Tuesday, January 9, 2018

Understanding the File System

I'm not talking about computer file systems; I mean the files that are hardened steel tools. Selecting the proper file can be daunting with the massive range of files available and tasks they can perform, but the process becomes much simpler with a bit of information.

At their most basic, files are tools made from very hard steel with an abrasive surface cut into them. They are used to shape material and clean up rough and burred surfaces. Files are classed by two basic criteria: shape and tooth coarseness.

Tooth Coarseness
There are three primary levels of file coarseness. In order of most to least coarse, these are bastard, second cut, and smooth. A coarser file removes material much more quickly, but leaves a rougher, less finished surface. A finer tooth cut is far slower-working, but produces a finish that is smooth to the touch and looks much more polished.

The shape of the material being worked determines the best shape of file for the task.
  • Mill and flat files are squared bars used for general stock removal on flat surfaces. They represent the first thing that comes to most folks' mind at the word "file." 
  • Triangle files have three cutting surfaces. They show their best features on inside corners or cleaning burred threads on bolts. 
  • Round or "rat tail" files look exactly like the tail of a rat, hence their name. Their shape makes them ideal for filing inside circular holes.
  • Half-round files are my personal favorite; if I can only have one file, I'll pick a half-round. One face is flat like a mill file, while the other face is arched to work in rounded areas, and the faces meet at a sharp point, allowing triangle-style function.
Other File-Like Things
Needle files are very small, very fine-cut files. They remove material slower than any of the other files mentioned, but they leave wonderfully polished surfaces. I keep a set around for working on small machined parts or fitting things like firearms.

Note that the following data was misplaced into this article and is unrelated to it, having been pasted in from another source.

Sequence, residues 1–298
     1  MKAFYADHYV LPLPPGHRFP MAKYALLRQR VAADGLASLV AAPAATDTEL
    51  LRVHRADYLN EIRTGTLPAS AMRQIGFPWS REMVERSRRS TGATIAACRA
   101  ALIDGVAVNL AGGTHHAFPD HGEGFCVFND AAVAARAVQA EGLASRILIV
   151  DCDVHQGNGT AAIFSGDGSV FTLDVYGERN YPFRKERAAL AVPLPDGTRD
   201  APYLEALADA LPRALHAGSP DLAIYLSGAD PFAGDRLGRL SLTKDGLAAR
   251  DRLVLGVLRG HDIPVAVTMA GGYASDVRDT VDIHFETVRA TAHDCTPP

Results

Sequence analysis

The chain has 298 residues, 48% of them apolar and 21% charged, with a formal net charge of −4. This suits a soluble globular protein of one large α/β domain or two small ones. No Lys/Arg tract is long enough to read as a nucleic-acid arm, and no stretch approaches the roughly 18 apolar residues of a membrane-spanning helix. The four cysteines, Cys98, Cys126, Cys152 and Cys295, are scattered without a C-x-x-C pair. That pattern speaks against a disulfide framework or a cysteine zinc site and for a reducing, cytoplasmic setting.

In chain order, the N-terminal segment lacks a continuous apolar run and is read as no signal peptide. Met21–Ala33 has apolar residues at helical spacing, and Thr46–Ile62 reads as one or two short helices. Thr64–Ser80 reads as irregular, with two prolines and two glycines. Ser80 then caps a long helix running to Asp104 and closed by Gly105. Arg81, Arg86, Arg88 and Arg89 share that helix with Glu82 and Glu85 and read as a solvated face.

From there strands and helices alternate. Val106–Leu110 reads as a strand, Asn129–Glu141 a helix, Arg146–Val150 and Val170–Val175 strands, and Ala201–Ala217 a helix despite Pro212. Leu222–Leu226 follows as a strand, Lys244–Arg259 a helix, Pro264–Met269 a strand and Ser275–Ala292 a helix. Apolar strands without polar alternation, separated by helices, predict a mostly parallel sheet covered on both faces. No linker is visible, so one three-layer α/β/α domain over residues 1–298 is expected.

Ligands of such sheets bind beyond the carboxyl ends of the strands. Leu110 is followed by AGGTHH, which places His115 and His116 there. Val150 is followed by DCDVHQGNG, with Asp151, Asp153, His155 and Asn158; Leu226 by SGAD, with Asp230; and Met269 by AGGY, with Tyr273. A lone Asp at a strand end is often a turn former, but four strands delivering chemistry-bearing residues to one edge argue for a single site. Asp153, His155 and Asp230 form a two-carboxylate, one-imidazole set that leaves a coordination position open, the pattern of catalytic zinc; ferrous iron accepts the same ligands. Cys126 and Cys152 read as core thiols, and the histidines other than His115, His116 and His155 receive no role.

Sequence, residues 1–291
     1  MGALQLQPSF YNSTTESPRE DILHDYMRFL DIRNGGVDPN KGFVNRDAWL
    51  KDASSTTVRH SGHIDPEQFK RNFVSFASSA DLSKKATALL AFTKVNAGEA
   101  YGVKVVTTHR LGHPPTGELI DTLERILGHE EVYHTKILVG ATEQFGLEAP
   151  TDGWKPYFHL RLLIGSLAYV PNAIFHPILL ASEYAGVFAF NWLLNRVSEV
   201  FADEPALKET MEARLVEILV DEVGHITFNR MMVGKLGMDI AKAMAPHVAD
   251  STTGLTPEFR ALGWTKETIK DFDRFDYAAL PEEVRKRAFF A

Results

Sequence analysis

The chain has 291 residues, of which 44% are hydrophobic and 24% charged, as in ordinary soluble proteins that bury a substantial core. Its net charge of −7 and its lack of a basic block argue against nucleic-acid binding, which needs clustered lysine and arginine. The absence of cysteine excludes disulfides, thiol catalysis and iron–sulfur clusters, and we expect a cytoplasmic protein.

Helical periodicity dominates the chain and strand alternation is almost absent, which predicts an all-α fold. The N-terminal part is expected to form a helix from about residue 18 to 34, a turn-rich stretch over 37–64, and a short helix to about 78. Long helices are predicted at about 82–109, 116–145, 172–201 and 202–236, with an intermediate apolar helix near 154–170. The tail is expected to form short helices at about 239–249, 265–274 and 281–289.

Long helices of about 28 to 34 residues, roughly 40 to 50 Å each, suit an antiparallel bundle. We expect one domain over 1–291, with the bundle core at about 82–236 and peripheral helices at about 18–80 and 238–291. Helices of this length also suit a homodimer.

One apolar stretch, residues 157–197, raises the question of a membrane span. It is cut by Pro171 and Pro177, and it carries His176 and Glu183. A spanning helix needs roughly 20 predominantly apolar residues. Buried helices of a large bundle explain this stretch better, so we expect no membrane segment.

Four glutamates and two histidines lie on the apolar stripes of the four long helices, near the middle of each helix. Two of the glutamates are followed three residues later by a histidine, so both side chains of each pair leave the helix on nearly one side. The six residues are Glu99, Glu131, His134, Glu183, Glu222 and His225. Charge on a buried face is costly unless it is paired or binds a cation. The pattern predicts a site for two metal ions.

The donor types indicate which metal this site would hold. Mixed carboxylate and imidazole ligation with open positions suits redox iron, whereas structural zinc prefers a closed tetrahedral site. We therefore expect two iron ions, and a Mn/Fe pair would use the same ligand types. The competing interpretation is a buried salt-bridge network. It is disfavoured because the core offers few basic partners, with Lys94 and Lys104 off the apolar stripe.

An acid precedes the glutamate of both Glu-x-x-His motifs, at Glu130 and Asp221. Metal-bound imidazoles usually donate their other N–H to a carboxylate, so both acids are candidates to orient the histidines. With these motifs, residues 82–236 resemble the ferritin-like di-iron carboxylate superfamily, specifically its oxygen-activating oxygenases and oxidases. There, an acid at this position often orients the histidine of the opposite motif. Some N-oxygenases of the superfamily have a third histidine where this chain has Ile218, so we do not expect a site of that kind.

Rasps look like files, but with teeth more akin to a cheese grater. They're used for rapid removal of very soft materials like wood, plastic, and chitin (horse hooves). They remove material much faster than a normal file, and resist getting clogged with removed debris.

Raspel Baiter.jpg
By Simon A. Eugster - Own work, CC BY-SA 3.0, Link
Using Files
File teeth are directional, meaning they only cut one way. They are designed to be pushed forward against the working surface. Pulling a file backward in a sawing motion will not remove any material, but can quickly dull your tool. Instead, push your file forward with even, moderate pressure. At the end of the stroke, lift the tool from the workpiece and reset it for the next stroke.

When selected and run properly, files will provide years of service, sometimes even a lifetime. Keep your axes sharp, your threads clean, and other metal projects deburred.


No comments:

Post a Comment

The Fine Print

This work is licensed under a Creative Commons Attribution- Noncommercial- No Derivative Works 3.0 License.

Creative Commons License

Erin Palette is a participant in the Amazon Services LLC Associates Program, an affiliate advertising program designed to provide a means for sites to earn advertising fees by advertising and linking to amazon.com.